In the future, MOFs could form the basis of programmable chemical molecules: for instance, an MOF could be programmed to introduce an active pharmaceutical ingredient into the body to target infected cells and then break down the active ingredient into harmless substances once it is no longer needed. Or MOFs could be programmed to release different drugs at different times.

“This is very powerful, because you are basically coding the behavior of molecules leaving the pores,” Yaghi said.

They could also be used to capture CO2 and, at the same time, convert the CO2 into a useful raw material for the chemical industry.

“In the long term, such structures with programmed atomic sequences can completely change our way of thinking about material synthesis,” write the authors. “The synthetic world could reach a whole new level of precision and sophistication that has previously been reserved for biology.”

The work was supported by the Center of Excellence for Nanomaterials and Clean Energy Applications at King Abdulaziz City for Science and Technology.

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Materials provided by University of California – Berkeley. Original written by Robert Sanders. Note: Content may be edited for style and length.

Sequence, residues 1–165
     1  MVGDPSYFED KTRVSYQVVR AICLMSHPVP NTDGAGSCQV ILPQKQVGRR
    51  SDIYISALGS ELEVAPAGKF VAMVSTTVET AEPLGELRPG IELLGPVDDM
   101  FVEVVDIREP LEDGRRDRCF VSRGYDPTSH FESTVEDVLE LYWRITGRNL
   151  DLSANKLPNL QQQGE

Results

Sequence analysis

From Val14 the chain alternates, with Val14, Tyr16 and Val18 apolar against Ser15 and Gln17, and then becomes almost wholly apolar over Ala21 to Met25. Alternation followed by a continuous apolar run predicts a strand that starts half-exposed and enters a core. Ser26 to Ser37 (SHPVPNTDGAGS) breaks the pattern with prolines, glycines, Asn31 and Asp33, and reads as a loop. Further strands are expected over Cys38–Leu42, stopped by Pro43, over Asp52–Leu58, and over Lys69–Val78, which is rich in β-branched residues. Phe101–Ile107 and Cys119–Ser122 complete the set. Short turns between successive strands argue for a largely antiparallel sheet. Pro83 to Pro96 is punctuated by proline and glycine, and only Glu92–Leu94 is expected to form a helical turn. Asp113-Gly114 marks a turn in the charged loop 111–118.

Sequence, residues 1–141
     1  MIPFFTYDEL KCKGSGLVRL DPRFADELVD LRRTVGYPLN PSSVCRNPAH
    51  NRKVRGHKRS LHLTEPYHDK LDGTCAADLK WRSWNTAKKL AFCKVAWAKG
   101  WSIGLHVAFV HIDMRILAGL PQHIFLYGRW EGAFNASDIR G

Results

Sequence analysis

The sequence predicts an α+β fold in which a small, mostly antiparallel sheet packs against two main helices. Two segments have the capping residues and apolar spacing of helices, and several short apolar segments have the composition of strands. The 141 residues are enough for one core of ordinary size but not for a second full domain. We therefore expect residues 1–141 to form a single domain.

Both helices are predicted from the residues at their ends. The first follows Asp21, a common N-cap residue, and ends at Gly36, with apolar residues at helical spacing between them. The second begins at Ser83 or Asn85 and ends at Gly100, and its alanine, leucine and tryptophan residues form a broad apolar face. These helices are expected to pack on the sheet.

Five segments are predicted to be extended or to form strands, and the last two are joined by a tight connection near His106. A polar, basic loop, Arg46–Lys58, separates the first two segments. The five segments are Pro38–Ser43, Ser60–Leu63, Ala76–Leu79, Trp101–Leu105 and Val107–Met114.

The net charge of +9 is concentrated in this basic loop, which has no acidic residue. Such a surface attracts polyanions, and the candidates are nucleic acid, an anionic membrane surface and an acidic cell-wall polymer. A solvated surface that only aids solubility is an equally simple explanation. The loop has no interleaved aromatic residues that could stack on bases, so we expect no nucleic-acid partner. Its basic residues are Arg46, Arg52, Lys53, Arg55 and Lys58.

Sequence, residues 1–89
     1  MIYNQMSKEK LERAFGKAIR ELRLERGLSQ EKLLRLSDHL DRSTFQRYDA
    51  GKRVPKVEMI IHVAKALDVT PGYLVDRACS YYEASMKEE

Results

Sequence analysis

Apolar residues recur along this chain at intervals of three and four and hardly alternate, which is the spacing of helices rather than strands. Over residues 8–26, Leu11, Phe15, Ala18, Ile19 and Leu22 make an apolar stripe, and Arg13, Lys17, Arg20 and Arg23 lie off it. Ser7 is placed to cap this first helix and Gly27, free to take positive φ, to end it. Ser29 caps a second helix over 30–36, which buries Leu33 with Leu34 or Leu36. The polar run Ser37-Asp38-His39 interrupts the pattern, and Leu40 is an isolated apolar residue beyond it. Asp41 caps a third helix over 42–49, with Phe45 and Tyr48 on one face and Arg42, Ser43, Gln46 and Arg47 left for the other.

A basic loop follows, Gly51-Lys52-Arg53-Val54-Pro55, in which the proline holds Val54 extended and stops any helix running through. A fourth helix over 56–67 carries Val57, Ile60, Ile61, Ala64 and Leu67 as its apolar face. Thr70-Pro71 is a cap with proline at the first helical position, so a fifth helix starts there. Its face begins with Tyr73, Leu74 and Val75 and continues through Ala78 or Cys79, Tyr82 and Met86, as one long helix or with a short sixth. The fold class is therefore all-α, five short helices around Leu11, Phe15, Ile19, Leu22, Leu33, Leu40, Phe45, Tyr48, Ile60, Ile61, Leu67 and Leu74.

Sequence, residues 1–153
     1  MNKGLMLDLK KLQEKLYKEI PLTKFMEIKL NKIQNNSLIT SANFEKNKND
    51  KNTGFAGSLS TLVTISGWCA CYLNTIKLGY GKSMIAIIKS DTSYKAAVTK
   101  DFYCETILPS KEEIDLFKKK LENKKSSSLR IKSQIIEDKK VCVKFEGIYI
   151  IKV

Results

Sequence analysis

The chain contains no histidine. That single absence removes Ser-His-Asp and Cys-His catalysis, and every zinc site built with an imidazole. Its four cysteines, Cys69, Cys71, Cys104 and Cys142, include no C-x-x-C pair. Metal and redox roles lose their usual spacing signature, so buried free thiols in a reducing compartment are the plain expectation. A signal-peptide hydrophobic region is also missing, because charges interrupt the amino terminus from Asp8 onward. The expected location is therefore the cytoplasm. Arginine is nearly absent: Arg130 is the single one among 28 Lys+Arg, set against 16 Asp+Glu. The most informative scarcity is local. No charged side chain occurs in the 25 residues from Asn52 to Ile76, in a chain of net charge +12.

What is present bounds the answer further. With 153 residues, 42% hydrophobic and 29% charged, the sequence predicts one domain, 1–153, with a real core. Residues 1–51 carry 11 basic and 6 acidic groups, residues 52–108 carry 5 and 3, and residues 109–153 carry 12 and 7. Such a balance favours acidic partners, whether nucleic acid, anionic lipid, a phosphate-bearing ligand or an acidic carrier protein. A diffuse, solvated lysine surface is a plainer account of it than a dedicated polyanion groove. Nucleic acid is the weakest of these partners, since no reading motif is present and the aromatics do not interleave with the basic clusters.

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Layer of nanoparticles could improve LED performance and lifetime

Adding a layer of nanoparticles to LED designs could help them produce more light for the same energy, and also increase their lifetime.

This is according to a team from Imperial College London and the Indian Institute of Technology (IIT) Guwahati who have found a new way to boost the amount of light LEDs produce. They report their innovation in the journal Light Science & Applications.

Making light-emitting diode (LED) light sources more efficient and longer-lasting will mean they use less energy, reducing the environmental impact of their electricity use. LEDs are used in a wide range of applications, from traffic lights and backlighting for electronic displays, smartphones, large outdoor screens, and general decorative lighting, to sensing, water purification, and decontamination of infected surfaces.

The team modelled the impact of placing a two-dimensional (single layer) of nanoparticles between the LED chip, which produces the light, and the transparent casing that protects the chip. Although the casing is necessary, it can cause unwanted reflections of the light emitted from the LED chip, meaning not all the light escapes.